In this series of four lectures I will present an overview of basic detector techniques and the physical principles behind them. The intended audience for this sequence of lectures is ‘young’ physicists, who have not yet had the experience in designing a detector for a real experiment. These lectures were originally conceived for the graduate students and postdocs attending these LPC, but will be open to all. In the lectures I will start by discussing some of the basic physics of particle interactions and the principles that we exploit to detect ionizing radiation in solid, liquid and gaseous detectors. I will present in some detail some of the techniques that are used in our field for modern-day detectors, and I will discuss the reasoning behind the design choices that have been made for one or more detectors in high energy and nuclear physics. Details of the individual lectures will be given closer to the date.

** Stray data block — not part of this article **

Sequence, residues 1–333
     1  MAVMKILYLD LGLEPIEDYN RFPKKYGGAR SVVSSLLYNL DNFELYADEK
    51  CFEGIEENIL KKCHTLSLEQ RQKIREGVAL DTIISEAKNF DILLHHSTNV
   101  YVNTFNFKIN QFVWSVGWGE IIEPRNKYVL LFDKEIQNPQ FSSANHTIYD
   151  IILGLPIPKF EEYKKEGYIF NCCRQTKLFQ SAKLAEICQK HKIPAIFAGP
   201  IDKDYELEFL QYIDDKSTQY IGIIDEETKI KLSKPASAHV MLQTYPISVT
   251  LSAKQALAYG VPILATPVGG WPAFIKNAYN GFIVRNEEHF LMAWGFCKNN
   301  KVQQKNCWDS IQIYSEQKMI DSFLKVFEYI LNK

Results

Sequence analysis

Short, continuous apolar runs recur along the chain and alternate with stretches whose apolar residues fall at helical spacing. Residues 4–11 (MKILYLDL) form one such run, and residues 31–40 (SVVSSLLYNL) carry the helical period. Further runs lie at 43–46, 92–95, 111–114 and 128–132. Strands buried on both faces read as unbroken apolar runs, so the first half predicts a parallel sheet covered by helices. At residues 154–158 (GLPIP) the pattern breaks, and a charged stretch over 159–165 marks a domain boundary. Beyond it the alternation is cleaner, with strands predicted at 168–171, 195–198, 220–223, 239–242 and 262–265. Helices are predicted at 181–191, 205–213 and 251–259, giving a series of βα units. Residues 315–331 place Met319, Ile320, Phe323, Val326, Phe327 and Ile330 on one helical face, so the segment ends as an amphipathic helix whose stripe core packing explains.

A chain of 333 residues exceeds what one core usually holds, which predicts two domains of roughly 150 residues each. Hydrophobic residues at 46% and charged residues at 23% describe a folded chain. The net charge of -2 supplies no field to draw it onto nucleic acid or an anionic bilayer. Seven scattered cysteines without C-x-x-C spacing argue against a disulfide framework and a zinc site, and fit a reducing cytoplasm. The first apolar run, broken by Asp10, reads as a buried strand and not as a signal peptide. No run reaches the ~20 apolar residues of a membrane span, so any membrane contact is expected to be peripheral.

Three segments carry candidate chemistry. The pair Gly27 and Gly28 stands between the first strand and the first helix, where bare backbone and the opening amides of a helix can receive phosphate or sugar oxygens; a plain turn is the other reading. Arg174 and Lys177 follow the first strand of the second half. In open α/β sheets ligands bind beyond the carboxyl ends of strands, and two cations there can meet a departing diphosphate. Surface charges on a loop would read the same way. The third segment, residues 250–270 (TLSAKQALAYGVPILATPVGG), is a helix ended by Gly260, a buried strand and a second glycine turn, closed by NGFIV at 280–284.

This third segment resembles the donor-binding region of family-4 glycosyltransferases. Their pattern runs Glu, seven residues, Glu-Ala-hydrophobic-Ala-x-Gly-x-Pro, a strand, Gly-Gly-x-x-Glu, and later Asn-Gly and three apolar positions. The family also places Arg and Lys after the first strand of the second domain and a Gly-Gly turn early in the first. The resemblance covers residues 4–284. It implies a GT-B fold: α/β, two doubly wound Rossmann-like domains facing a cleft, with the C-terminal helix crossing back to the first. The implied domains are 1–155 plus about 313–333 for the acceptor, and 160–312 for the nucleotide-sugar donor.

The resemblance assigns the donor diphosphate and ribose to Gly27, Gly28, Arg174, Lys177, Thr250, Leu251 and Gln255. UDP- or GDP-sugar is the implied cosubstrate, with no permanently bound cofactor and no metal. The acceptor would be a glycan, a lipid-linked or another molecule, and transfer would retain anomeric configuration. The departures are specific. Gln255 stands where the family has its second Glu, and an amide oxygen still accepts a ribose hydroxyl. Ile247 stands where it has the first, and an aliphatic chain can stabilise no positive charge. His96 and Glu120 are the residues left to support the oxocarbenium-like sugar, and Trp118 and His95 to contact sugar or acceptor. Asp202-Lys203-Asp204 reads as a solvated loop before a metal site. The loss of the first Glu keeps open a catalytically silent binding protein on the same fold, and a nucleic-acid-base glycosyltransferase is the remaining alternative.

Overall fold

Dates and times for all four lectures: May 4 & 5 and May 11 & 12, from 11am-noon
Wilson Hall One West conference room at Fermilab
Live webcast link: http://vms.fnal.gov/asset/livevideo